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I remember attending a funeral at a cemetery in North Delhi many years ago. After the service, I made my way around the cemetery looking at the tombstones, when I came upon one that had these words inscribed, “I am the Resurrection and the Life.” Those words were deeply comforting and real at that moment. These are the words that the Lord Jesus spoke to Martha in John 11:25 as she grieved the death of her brother Lazarus.
The loss of a loved one is one of the most difficult experiences every person is likely to face in life. It is a sobering reality of life that people, even those close to us, die. These past few months have made this abundantly clear to all of us. From mid-April to mid-May 2021 there was hardly a day that went by without news of someone we knew who had lost a loved one. Those were tragic and exceedingly difficult days.
The account of John 11 gives us perspective on grief and how we might comfort those who are going through the loss of a loved one. Here are three key observations:
1. It Is Ok To Grieve
When the Lord Jesus arrived at Bethany after hearing of Lazarus’ illness and death, he met a grieving family and community. Not once does He forbid them from weeping over their brother and friend who had died. Neither does He rebuke them.
In fact, we read that when Jesus saw them weeping, He was “deeply moved in His spirit” and “greatly troubled” (Jn. 11:33). There is some discussion about what these words mean1, but the context makes it clear that Jesus was grieved over the way sin had infected and affected His creation leading to this kind of despair and deep sorrow. This makes sense, because a few minutes later as He is led to the tomb, we read that Jesus Himself wept. The shortest verse in the Bible speaks of one of the most profound ways in which Christ relates with us. He is a “man of sorrows” and “acquainted with grief” (Isa.53:3).
We sometimes have an expectation that people should be “strong” and not grieve. We urge them to stop weeping. Some might even go to the extreme of thinking that Christians should not grieve the death of a loved one, because it somehow shows a lack of faith.
John 11 makes it clear that we ought to allow people who have suffered the loss of a loved one to grieve. In fact, it is better they express their emotions of grief rather than suppress their emotions. This will enable them to cope better with the loss.
Grief is a normal human emotion in this fallen world. It is an expression of pain, sorrow and deep anguish that things have gone in a way that simply does not feel natural and right. Death is not normal, even though it occurs all the time. One day there will be no death. That is what God’s good creation is meant to be. So, we grieve because things are not the way they should be.
2. Grieve With Those Who Grieve
We weep with those who weep because it helps us empathize with them just as Jesus “enters into the pain of those He loves,” when He weeps with them. In a passage that is all about our love for others, Paul says in Romans 12:15 says, “Rejoice with those who rejoice, weep with those who weep.” In 1 Corinthians 12:26 he writes, “If one member suffers, all suffer together; if one member is honored, all rejoice together.” This is what compassion, empathy, and love for one another looks like.
If you know of a person who has lost a loved one, you do not need to say much, but simply be present with them. Job’s friends made the mistake of attempting to answer the grief he was going through with words and explanations. What Job needed the most was for them to grieve with him and to be present with him. Your presence speaks volumes of your compassion and empathy.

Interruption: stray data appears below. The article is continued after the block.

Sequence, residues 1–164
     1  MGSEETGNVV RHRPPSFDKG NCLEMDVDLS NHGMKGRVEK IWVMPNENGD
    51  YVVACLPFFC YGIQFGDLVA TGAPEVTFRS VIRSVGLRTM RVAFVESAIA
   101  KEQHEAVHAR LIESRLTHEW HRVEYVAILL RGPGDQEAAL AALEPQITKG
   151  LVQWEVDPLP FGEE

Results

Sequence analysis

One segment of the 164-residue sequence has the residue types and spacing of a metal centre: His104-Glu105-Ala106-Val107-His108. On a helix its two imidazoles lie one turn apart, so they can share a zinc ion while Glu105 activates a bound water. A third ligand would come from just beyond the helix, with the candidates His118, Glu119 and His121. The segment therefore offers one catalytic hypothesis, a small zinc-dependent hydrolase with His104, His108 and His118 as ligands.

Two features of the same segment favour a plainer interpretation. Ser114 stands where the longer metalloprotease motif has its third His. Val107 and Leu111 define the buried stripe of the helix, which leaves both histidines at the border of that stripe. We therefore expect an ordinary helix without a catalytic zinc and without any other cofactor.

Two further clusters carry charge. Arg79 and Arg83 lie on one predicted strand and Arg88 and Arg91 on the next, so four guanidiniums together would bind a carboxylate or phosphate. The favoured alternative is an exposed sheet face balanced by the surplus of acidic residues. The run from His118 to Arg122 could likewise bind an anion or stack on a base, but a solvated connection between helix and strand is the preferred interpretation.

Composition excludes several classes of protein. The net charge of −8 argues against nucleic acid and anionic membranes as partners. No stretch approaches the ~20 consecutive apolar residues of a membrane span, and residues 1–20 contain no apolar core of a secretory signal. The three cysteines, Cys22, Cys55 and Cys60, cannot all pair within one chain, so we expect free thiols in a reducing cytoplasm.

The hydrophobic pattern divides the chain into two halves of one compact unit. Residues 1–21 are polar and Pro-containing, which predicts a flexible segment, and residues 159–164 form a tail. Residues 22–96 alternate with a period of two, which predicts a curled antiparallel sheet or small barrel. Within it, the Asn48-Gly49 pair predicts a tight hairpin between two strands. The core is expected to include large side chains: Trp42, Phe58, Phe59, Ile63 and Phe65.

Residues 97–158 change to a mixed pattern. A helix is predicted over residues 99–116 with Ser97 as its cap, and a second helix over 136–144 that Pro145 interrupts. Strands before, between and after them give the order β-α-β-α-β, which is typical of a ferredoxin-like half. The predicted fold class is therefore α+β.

3. Grieve In Hope
We are not simply talking about the doctrine of eternal life here. Martha believed in the resurrection of the dead as a doctrine (Jn. 11:24), but the Lord Jesus was focussing her attention on Him, by asking her if she believed in Him. Jesus was pointing to Himself, “the resurrection and life,” as the One she should hope in. The “Author of life” (Acts 3:15) would defeat death on the cross through His own death and resurrection. We read in Scripture that whoever believes in Him will have eternal life (Jn. 3:15; 3:36; 5:24; 20:21; 1 Jn 5:11, 12).
Eternal life is much more than a doctrine. It is a certain hope that we have in the One who has gone through death, defeated it, and now invites us into His own incorruptible, imperishable, and eternal life. Though we may face death ourselves or lose a loved one, our hope is in the resurrection of those who have put their faith in Christ. And so, we may grieve, but we do so in hope.
Paul writes in 1 Thessalonians 4:13, 14, “But we do not want you to be uninformed, brothers, about those who are asleep, that you may not grieve as others do who have no hope. For since we believe that Jesus died and rose again, even so, through Jesus, God will bring with him those who have fallen asleep.”
1 The Greek word translated “deeply moved” in the ESV can also be translated “angered,” and connotes anger or sternness. This Greek verb is used only five time in the NT, each time of the Lord’s words of feelings: Matt. 9:30; Mark 1:43; 14:5; John 11:33, 38. Edwin A. Blum in the Bible Knowledge Commentary says this about these words. “Why was Jesus angry? Some have argued that He was angry because of the people’s unbelief or hypocritical wailing. But this seems foreign to the context. A better explanation is that Jesus was angry at the tyranny of Satan who had brought sorrow and death to people through sin (cf. John 8:44; Heb. 2:14-15). Also Jesus was troubled (etaraxen, lit., ‘stirred’ or ‘agitated,’ like the pool water in John 5:7; cf. 12:27; 13:21; 14:1, 27). This disturbance was because of His conflict with sin, death, and Satan.”
2 Alasdair Groves podcast on the Christian Counseling and Education Foundation (CCEF) - https://www.ccef.org/podcast/negative-emotions/